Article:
A merger is an anxious time for many employees. Worries about their jobs, the changes to their working environment and practices, and how incoming employees will fit into an already established dynamic.
Retraining employees in times of stress and change can be a challenge, but there are some important points that can make you see the issue differently.
Money Talks, there’s no doubt about that and more money could well be a legitimate way to keep your staff happy in their work.
But money alone won’t do it.
The fact is, if your employees are unhappy because they feel vulnerable or unappreciated, or because so much change going around them is confusing and unsettling, throwing money at the problem won’t fix it.
You may have to consider offering some employees a leadership role in order to keep there where they are.
But one thing’s for sure, the solutions to the issue of retaining your employees during times of upheaval is never going to be the same for every individual.
If you manage your employee retention with a blanket one-size-fits-all retention package you won’t be appreciating the fact that your employees are individuals and they have varying concerns and focus in times of career change.
Some employees may be wondering if this is an opportunity to further their career by moving on to new employers, while others may want to stay but are struggling with what this means to their wider life.
This could mean that helping employees find childcare or offering them room in their roles to advance are important issues and might keep these employees at your company.
But it won’t be one solution for everyone and prioritising individual staff’s needs will help you all move forward.
One of the most important things managers and employers can do at times of disruption and organisational change is to identify the employees who are your top talent and who are most important when it comes to retention of staff.
This won’t always be the most obvious employees and you may have to look a little closer amongst your workforce to find those hidden gems.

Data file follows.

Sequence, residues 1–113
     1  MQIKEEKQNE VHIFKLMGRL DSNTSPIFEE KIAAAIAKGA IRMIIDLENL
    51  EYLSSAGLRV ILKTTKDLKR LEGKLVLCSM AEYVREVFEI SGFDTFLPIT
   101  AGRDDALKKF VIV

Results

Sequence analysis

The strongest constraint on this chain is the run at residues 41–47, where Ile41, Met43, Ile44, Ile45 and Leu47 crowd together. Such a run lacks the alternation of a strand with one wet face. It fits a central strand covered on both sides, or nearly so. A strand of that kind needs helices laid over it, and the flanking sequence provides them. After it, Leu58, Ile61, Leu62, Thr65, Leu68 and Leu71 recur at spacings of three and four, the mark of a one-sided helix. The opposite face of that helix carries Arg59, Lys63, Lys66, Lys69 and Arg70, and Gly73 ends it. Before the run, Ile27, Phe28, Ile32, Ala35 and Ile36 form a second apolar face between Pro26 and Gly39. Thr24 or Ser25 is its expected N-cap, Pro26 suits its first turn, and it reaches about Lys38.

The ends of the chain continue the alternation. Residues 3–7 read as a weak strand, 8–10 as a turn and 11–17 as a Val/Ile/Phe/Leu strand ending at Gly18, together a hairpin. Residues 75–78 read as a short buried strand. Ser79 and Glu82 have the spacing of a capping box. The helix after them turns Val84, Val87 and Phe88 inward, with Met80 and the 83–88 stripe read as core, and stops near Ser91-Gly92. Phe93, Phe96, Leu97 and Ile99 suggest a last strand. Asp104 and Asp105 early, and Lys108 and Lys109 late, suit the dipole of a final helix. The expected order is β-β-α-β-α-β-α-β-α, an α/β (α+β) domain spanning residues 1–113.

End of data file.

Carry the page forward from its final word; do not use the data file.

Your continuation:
This could be someone whose career path seems unexceptional at first, but this person could be a key player in your business.
Seek out your star employees and make sure you are focussing your attention on them. Understand their needs and concerns.
Having solid well thought out plans for cultural integration is vital.
As we talked about in the post ‘How to Integrate Employees After an Acquisition’ incoming staff are coming from a different work culture into the one that already exists amongst your current employees.
The problems of integration work both ways and a new work culture arriving could make your existing employees feel uncomfortable and misplaced.
Having a solid plan for how to deal with this and how to integrate your employees will make things run much smoother.
Comurce enables you to model your teams, roles and capabilities, making it easy to quickly identify issues - areas where you don't have capable teams or areas where the teams are oversized and responsibilities overlap.
Good team management is key to ensuring your employees are happy, so that they are more likely to stay on after a merger or acquisition.
Acquisition integration is the process of combining business functions in two companies which have gone through an acquisition.
Much like an acquisition integration, post-merger integrations are the process of bringing together business functions after a merger, both to identify potential silos and streamline activities.
M&A's (mergers and acquisitions) are usually fairly protracted processes, taking anywhere from 6 months to several years to complete.